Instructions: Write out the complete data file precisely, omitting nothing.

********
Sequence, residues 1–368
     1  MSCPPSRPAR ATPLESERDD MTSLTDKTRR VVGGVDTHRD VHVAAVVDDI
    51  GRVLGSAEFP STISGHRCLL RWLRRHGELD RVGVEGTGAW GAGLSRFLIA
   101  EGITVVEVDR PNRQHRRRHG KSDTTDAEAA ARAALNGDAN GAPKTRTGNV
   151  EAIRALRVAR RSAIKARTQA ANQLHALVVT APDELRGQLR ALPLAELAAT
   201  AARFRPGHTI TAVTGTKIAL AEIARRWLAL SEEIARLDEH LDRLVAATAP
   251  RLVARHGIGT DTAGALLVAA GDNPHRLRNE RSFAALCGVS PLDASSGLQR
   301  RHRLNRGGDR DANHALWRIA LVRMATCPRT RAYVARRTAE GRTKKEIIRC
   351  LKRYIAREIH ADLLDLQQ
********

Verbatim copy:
Sequence, residues 1–368
     1  MSCPPSRPAR ATPLESERDD MTSLTDKTRR VVGGVDTHRD VHVAAVVDDI
    51  GRVLGSAEFP STISGHRCLL RWLRRHGELD RVGVEGTGAW GAGLSRFLIA
   101  EGITVVEVDR PNRQHRRRHG KSDTTDAEAA ARAALNGDAN GAPKTRTGNV
   151  EAIRALRVAR RSAIKARTQA ANQLHALVVT APDELRGQLR ALPLAELAAT
   201  AARFRPGHTI TAVTGTKIAL AEIARRWLAL SEEIARLDEH LDRLVAATAP
   251  RLVARHGIGT DTAGALLVAA GDNPHRLRNE RSFAALCGVS PLDASSGLQR
   301  RHRLNRGGDR DANHALWRIA LVRMATCPRT RAYVARRTAE GRTKKEIIRC
   351  LKRYIAREIH ADLLDLQQ